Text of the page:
Telling a story with images. The work of the three winners of the Getty Images Grants for Editorial Photography in 2007: Jonathan Lowenstein (Chicago, USA), Jonathan Torgovnik (New York City, USA) and Leo Maguire (Bristol, England, UK). Each will receive financial and editorial support enabling them to pursue new documentary photography projects. The photographers received the grants Thursday at the Visa pour l’Image festival. Besides the winning projects the three photographers have excellent websites displaying a broader range of their excellent work.
“Shadow Lives USA” by Jonathan Lowenstein. Documenting six different issues facing those trying to enter the United States across the US-Mexico border. In a highly polarized environment, Lowenstein proposes that it is crucial to insert nuanced and sensitive depictions of undocumented workers’ experiences into the debate about US immigration policy. His extensive travel and long-term commitment to document the plight of illegal immigrants, enable him to build lasting connections with the men and women who reside in the shadows of US society. He plans to complete the project by June of 2008 with the help of his Getty Images Grant for Editorial Photography.
“Lords of the Lane” by Leo Maguire. The documentary will focus on the world of Gypsy bare-knuckle fighters in England. His Getty Images Grant for Editorial Photography enables him to examine the romance and tradition of a culture based on brutal values, where fighters would rather die than lose face or money. Maguire will explore the pressure these fighters experience to stay on top, how they maintain their entourage and interact with family, lovers and more traditional society. Their scene includes dog fighting, hare coursing, drinking and betting, providing opportunity to document exotic and unique experiences found literally in the photographer’s backyard.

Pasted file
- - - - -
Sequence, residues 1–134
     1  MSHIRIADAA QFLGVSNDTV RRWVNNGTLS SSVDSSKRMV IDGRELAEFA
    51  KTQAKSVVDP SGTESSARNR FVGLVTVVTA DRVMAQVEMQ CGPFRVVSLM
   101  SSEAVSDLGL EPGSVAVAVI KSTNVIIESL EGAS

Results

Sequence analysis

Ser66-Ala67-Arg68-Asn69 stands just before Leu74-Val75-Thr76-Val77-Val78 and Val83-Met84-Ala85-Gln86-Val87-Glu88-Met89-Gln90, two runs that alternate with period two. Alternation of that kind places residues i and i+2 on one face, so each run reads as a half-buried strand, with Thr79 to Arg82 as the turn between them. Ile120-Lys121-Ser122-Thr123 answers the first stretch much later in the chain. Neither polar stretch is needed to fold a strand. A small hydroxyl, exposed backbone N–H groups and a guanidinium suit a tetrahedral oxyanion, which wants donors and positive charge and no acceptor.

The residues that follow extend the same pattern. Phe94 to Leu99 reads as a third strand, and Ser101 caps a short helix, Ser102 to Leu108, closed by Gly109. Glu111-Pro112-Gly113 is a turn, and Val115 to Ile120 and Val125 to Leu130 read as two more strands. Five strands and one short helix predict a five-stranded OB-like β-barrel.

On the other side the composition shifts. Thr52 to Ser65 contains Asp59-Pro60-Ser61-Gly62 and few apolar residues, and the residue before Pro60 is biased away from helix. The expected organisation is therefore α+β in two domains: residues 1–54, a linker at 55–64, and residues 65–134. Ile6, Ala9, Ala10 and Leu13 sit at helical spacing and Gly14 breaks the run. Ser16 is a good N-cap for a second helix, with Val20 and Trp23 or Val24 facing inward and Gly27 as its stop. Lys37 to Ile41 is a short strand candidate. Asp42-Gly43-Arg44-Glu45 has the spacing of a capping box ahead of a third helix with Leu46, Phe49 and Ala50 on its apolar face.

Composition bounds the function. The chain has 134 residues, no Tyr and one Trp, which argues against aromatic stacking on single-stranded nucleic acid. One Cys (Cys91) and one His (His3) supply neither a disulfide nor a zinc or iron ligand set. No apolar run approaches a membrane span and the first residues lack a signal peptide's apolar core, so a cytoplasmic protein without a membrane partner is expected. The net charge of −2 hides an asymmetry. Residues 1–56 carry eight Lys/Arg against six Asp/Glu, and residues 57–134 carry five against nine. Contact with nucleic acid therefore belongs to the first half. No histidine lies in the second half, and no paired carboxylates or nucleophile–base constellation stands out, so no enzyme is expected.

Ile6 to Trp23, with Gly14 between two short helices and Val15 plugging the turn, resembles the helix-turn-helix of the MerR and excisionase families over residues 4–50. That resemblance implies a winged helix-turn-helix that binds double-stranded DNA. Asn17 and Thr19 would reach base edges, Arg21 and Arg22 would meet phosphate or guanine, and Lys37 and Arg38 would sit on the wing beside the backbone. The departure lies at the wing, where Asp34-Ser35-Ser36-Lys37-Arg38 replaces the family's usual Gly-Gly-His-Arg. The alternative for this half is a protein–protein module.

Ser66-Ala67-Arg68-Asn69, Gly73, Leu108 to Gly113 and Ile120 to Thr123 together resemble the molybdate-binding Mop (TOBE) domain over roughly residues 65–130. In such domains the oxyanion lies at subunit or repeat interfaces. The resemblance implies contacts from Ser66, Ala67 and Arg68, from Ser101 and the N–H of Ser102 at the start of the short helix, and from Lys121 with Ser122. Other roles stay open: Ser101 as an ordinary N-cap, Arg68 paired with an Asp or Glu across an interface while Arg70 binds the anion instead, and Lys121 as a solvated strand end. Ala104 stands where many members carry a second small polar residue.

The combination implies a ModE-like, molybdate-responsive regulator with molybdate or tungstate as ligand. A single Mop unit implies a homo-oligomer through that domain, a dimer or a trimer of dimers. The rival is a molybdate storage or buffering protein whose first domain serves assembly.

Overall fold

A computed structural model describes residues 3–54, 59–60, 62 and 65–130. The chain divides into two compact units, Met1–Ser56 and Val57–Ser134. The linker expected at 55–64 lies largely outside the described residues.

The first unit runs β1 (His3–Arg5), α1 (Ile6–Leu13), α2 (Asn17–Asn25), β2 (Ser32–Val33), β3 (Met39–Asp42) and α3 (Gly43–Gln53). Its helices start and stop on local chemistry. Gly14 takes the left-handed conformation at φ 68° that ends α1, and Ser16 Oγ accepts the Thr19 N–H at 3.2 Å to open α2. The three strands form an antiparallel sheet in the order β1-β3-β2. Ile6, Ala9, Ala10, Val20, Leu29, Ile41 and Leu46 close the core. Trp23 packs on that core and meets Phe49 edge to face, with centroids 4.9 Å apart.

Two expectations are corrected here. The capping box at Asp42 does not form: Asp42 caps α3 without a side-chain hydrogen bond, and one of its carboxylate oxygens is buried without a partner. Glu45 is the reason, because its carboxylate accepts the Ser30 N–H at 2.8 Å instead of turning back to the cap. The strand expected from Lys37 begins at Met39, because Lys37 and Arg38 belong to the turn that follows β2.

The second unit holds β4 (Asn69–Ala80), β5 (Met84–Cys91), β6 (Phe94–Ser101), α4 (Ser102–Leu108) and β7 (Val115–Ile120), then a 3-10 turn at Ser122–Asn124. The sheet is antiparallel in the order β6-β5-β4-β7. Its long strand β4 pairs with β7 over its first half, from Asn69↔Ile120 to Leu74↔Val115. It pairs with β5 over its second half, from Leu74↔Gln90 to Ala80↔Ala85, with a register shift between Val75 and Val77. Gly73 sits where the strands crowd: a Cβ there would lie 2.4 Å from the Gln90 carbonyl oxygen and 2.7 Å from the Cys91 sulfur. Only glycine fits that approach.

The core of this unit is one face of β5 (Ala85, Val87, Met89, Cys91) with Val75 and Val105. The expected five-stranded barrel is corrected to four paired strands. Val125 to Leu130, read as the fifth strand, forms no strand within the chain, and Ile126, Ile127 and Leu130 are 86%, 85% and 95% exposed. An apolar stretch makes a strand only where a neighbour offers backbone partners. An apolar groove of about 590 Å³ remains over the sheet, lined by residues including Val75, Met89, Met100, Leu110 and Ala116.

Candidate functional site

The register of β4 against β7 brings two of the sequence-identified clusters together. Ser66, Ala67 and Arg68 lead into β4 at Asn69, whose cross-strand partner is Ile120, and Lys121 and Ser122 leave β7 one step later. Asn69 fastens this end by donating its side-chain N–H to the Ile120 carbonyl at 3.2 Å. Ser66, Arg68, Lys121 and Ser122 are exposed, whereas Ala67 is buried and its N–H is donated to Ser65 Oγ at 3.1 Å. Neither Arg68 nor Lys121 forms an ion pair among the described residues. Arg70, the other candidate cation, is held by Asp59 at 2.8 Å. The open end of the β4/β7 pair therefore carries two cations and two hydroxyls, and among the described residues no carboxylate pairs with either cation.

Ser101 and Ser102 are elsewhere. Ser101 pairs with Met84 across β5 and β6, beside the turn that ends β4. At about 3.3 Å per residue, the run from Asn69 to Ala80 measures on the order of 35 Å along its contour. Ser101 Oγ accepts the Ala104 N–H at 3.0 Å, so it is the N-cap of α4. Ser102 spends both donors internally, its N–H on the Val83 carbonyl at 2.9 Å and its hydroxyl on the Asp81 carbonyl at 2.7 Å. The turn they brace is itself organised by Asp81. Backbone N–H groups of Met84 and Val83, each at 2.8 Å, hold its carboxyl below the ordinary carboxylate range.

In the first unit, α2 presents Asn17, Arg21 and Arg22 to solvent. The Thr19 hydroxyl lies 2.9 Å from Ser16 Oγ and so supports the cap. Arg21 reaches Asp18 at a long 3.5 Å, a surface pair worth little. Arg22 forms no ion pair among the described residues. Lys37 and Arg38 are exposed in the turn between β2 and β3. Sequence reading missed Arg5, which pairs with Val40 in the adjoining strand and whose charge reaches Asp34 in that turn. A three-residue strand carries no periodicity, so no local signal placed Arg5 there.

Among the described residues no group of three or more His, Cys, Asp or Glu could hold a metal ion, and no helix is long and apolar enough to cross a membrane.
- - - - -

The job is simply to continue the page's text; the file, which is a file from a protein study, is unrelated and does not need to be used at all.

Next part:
“Intended Consequences” by Jonathan Torgovnik. The photographer seeks to follow 50 women who were raped during the Rwandan genocide 13 years ago, and who have children as a result. Torgovnik will build his project largely through a series of narratives constructed from environmental portraits, audio interviews and textual reflections. He plans to use his Getty Images Grant for Editorial Photography to photograph and interview survivors and their children, and to use his images to create a social justice campaign aimed toward international advocacy efforts. Especially now, as history repeats itself in the Darfur region in Sudan, Torgovnik feels strongly that these Rwandan voices must be heard and that the victims and survivors of that genocide are never forgotten.